War a Life-Changing Experience
By: Kathryn Caggianelli, The Record (Troy, NY), 10/29/2006
WATERFORD - If you ask U.S. Marine Pvt. First Class Deanna Higgins whether she is a changed person since finishing two tours of duty in Iraq, she'll admit that she is.
The 24-year-old Waterford native said she doesn't sweat the little stuff anymore. And, more importantly, that she has developed a much deeper appreciation for what it means to be an American.
She arrived at Albany Airport Friday night. Saturday afternoon, Higgins relaxed with family at her mother's 21 Timber Drive home. It was going to take time to re-acclimate herself to life in the states, she said.
Higgins enlisted with the Marines in 2004 for five years. Until 2009 the Marines own her, which is something she had to quickly make peace with when she learned that she would serve a second and possibly a third tour of duty in the war-ravaged country.
"I was deployed the first time from February to September 2005 to El Asad. During that tour of duty I worked as an air traffic controller in a tower. The second time I was assigned with the MACHS-1 Security Battalion. I was there from February until the end of September of this year. This time what I did was more like grunt work," Higgins said.
What she referred to as "grunt" work involved sitting atop a humvee as lookout for her six companions below.
The job was grueling and dangerous. When queried about it, Higgins downplayed the danger, adding that she didn't think about what could happen every moment. She just did it and got through it. But it was a huge responsibilit, she said.
"It was a good and bad experience. I got to socialize with some Iraqi soldiers," she said.
Higgins characterized living conditions for Iraqis as deplorable. They have only filthy water to drink and don't come close to enjoying the standards of hygiene that Americans do. It's doubtful that they ever have clean water for showers, when they shower, she said.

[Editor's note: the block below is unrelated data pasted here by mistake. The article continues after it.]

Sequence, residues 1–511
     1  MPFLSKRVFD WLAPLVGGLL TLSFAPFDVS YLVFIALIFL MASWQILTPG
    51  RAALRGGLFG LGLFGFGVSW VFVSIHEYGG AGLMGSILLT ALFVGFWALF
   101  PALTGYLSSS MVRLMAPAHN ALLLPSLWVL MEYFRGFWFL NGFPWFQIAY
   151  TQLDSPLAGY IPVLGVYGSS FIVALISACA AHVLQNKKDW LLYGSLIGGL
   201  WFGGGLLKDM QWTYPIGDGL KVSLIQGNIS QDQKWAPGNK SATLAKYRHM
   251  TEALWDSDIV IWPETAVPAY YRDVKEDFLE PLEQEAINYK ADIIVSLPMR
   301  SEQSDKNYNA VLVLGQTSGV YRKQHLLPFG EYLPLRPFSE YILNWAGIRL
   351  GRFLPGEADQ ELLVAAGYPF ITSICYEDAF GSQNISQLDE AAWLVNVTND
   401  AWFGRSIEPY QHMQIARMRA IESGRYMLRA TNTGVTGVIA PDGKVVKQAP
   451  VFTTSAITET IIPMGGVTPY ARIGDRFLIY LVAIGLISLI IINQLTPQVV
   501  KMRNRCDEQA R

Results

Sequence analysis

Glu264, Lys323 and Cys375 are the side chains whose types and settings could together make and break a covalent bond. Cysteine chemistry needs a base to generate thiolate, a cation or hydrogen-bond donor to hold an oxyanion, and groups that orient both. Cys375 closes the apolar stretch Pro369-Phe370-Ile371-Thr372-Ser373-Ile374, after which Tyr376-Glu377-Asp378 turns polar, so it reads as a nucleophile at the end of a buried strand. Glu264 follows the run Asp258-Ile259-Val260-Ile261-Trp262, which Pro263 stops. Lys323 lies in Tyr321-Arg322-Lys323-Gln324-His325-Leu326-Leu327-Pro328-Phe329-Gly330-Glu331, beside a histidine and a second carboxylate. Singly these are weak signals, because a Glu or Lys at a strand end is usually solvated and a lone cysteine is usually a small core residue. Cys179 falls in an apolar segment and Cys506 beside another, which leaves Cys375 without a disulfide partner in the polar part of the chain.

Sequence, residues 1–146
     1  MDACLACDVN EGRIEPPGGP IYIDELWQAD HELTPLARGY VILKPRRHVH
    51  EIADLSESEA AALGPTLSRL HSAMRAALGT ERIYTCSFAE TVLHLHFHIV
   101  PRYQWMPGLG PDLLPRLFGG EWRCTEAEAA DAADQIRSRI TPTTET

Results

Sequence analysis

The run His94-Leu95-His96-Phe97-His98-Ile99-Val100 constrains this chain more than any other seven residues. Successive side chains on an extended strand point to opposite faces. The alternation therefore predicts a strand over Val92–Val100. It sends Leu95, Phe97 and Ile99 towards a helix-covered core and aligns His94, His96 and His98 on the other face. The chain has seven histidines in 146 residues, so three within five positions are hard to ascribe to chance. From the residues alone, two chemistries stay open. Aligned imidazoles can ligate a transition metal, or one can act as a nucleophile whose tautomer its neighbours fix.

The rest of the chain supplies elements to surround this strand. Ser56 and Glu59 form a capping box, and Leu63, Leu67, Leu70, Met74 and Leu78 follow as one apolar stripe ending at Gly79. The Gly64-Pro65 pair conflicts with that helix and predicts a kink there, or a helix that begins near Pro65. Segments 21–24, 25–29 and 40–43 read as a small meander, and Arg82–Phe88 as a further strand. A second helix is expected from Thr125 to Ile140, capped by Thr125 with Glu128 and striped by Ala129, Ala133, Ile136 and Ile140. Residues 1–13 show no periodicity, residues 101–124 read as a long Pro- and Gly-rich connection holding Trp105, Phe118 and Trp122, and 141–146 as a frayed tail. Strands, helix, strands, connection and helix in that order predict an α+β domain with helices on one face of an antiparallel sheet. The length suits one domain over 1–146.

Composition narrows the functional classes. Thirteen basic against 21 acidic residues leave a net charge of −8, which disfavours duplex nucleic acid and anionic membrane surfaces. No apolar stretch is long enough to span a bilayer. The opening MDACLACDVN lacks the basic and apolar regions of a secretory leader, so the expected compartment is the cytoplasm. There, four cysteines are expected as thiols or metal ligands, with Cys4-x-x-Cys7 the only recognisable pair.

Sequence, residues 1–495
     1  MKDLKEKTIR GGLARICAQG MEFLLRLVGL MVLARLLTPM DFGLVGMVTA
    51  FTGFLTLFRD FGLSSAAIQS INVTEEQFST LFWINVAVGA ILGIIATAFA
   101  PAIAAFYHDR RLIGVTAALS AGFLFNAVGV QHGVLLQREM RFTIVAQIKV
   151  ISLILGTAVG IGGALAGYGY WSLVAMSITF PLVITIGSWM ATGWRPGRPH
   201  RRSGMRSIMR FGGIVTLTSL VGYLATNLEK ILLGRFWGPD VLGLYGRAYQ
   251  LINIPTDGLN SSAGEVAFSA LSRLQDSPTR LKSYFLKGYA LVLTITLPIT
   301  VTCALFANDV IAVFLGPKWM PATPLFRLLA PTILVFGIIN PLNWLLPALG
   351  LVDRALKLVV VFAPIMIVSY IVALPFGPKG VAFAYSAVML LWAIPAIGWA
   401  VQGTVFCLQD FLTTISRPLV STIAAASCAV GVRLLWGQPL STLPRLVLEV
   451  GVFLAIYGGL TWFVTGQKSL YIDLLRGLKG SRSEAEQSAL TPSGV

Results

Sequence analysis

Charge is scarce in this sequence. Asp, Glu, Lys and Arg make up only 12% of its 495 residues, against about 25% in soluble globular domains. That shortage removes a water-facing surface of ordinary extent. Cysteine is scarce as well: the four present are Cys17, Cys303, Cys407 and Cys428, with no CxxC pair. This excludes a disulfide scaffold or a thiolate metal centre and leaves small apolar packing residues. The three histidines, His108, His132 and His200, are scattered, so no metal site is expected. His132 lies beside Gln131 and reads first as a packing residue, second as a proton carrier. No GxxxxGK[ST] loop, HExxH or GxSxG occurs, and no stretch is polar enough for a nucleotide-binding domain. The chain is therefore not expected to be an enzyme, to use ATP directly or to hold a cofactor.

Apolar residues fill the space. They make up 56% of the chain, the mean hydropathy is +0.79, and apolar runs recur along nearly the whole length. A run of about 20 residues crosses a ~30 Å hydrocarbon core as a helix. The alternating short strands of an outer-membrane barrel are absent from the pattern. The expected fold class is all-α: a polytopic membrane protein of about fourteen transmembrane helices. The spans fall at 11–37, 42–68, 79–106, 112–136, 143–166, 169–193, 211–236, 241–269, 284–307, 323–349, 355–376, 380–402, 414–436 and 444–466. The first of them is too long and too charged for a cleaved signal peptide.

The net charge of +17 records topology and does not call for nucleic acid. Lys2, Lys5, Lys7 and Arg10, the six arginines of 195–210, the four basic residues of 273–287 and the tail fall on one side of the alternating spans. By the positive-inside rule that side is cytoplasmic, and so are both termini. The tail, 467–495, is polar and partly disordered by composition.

Things are somewhat better for U.S. soldiers at their base camps. They're given only bottled water to drink and can enjoy a shower on a fairly regular basis, Higgins said.
"The worst part was being secluded for so long from the world," she said.
In fact, getting back into a routine here at home is tougher than she imagined.
"There's so much going on all the time here. When you're over there, you only have your team," Higgins said.
Higgins was the only woman on the team of seven. Everyone got along exceptionally well, she said.
"The guys were all great. You get so close that they become your family. There's nothing you won't share or tell each other. I miss them," Higgins said.
She isn't likely to see her teammates anytime soon because they are all stationed at the Marine base in Miramar, Calif., and she's based out of Yuma, Az.
Higgins knows that in all likelihood she'll be deployed a third time to Iraq.
"It will probably be next year this time. I'll go over again with the security battalion. I don't really want to go but who does? I'll be ready, though," she said.
Higgins' future career plans include earning an engineering degree.
Patty Higgins, her mother, said she's proud of what her daughter has accomplished. "We're relieved and proud of how she's handled it all," she said.
The only noticeable difference in her daughter since she has become a Marine is her level of maturity, Patty said.
"She's always been a team player, very athletic and shown endurance. She should be proud of herself," she said.
Barbara Plummer, Higgins' grandmother, said she wished everyone would think more of the soldiers who sacrifice so much when they serve their country.
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